Miniflux - Easy, self-hosted RSS

Since the demise of Google Reader a lot of new tools and sites have tried to take over the mantle as the de-facto RSS reader for the masses. The biggest (to my understanding) is Feedly which used the shutdown to push their product, unfortunately over time the investment in the “free” Feedly seems to have slowly slipped away in favour of their Pro offering, which isn’t surprising for any company wanting to turn a profit. This issue seems to be replicated across all the hosted providers who are trying to make a profit out of a service Google had supplied for free, and old stalwarts like me still struggle with the idea of paying $3-$7 a month for aggregating RSS.

With the aim to take matters into my own hands I decided to hunt around for an open source solution that I could self host, I’m already paying for a dedicated server so why not use that to host it?

Thankfully, it seems that a lot of other people had the same issue and a large list of open source solutions had popped up. The interesting one seems to involve the “Fever” API, which is a simple method of exporting these feed readers out to mobile and desktop readers without any quirky reader dependent applications, my favourite RSS application Reeder supported this API so really helped with the decision of what solution I needed.

Miniflux seems to be the perfect balance between function and simplicity, It can be installed damn near anywhere as it only uses PHP and a few standard modules, in addition it supports importing and exporting OPML files and the Fever API to allow my desktop and mobile client to keep in sync with no extra work.

Installation couldn’t be simpler. Checkout the repo, move to a folder of your choice and throw in a Nginx configuration:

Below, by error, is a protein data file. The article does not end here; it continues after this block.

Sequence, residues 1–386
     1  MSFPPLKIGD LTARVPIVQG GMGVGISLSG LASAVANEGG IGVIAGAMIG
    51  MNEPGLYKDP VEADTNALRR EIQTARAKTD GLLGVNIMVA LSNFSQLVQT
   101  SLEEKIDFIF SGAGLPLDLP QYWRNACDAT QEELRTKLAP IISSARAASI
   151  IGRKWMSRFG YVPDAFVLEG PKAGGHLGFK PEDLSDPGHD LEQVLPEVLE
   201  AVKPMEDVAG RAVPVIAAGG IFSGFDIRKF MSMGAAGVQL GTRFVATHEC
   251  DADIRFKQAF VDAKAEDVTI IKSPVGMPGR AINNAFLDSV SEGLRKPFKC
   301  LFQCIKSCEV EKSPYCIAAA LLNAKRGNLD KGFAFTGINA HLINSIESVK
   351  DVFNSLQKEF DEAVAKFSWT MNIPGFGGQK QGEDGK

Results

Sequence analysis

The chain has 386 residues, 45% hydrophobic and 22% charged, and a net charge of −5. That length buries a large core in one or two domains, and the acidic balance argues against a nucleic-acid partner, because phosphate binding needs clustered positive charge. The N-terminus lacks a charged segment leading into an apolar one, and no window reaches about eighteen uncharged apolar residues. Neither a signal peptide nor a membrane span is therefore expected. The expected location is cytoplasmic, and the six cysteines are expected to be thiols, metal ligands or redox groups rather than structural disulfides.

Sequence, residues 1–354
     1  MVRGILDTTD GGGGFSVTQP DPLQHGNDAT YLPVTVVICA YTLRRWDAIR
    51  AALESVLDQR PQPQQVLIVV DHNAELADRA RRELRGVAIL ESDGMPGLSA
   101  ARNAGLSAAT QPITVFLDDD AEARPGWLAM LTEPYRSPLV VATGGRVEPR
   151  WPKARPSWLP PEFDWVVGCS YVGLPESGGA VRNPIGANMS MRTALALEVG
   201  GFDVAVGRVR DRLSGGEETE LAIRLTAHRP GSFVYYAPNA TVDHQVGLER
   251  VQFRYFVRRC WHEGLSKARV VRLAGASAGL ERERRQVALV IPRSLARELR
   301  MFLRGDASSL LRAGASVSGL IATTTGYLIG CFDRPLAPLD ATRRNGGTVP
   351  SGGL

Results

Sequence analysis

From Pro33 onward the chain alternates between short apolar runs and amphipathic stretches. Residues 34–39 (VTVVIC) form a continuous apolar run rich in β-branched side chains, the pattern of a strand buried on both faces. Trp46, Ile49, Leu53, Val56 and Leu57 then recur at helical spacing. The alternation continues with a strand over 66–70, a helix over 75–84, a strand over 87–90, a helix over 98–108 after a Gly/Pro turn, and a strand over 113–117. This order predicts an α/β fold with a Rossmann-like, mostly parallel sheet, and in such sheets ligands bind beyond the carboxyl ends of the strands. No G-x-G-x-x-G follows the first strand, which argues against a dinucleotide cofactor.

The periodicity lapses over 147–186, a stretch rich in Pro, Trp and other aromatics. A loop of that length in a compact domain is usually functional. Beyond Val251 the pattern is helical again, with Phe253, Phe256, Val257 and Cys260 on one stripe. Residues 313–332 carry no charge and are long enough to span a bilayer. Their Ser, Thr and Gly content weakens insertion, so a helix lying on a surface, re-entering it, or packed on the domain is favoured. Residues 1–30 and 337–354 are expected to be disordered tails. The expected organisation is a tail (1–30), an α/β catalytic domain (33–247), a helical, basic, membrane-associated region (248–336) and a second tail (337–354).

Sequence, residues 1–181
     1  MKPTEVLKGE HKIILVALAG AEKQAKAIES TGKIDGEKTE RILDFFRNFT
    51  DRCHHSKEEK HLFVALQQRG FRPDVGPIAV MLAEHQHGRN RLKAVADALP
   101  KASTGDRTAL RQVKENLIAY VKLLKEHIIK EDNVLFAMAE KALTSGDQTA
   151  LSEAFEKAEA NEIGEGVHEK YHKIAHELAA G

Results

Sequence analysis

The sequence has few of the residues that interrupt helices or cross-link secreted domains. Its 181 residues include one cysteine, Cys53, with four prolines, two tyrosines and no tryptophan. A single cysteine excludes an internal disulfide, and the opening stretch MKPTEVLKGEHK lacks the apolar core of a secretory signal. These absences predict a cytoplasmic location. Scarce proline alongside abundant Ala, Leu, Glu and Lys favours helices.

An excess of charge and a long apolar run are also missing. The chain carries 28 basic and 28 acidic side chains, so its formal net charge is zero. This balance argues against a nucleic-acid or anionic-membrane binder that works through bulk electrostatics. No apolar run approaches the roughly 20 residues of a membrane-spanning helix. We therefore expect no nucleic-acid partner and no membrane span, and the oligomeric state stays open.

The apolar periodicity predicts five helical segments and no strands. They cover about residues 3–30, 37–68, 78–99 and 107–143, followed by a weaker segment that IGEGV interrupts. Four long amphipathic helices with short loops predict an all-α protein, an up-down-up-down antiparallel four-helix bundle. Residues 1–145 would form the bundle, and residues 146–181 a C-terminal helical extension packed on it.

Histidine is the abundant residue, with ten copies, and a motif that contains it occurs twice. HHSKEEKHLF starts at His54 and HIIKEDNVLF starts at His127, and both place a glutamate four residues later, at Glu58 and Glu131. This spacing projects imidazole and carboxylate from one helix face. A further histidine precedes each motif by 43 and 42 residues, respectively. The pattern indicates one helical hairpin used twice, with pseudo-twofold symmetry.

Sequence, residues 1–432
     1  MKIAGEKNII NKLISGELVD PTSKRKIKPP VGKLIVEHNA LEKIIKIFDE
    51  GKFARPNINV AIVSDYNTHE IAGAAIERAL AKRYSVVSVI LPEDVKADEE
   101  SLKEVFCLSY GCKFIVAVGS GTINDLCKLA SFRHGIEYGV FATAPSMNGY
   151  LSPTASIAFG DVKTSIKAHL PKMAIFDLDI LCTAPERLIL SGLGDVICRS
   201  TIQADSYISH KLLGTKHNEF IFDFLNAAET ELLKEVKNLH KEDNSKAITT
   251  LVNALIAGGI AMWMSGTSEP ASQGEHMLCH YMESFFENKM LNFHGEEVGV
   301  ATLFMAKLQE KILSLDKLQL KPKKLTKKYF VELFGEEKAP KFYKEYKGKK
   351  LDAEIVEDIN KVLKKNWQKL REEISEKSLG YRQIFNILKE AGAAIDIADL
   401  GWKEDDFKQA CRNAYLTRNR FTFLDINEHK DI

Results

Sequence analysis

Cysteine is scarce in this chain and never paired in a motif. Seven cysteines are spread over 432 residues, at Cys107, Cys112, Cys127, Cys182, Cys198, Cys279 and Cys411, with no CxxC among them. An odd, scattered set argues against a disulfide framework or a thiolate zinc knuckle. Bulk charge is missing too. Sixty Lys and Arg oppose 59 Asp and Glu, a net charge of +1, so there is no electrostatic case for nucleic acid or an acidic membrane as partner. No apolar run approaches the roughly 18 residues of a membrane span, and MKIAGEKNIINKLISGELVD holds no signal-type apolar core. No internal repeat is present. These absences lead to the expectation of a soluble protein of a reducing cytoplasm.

server {
  listen 80;
  server_name rss.domain.com;
  root /home/user/www/rss.domain.com/;
  index index.php;

  index index.php index.html index.htm;

  # the following line is responsible for clean URLs
  try_files $uri $uri/ /index.php?$args;

  # serve static files directly
  location ~* ^.+.(jpg|jpeg|gif|css|png|js|ico|html|xml|txt)$ {
    access_log        off;
    expires           max;
  }

  location ^~ /data/ {
    deny all;
  }

  location ~ \.php$ {
    # Security: must set cgi.fixpathinfo to 0 in php.ini!
    fastcgi_split_path_info ^(.+\.php)(/.+)$;
    fastcgi_pass 127.0.0.1:8812;
    fastcgi_index index.php;
    fastcgi_param SCRIPT_FILENAME $document_root$fastcgi_script_name;
    fastcgi_param PATH_INFO $fastcgi_path_info;
    include /etc/nginx/fastcgi_params;
  }
}

Done. Your Fever API endpoint is available at /fever/ and the username and password can be configured in the UI for the application. Everything is stored in Sqlite so easy to backup and move around.

If you’re looking for something thats simple and works, i’d recommend giving it a try!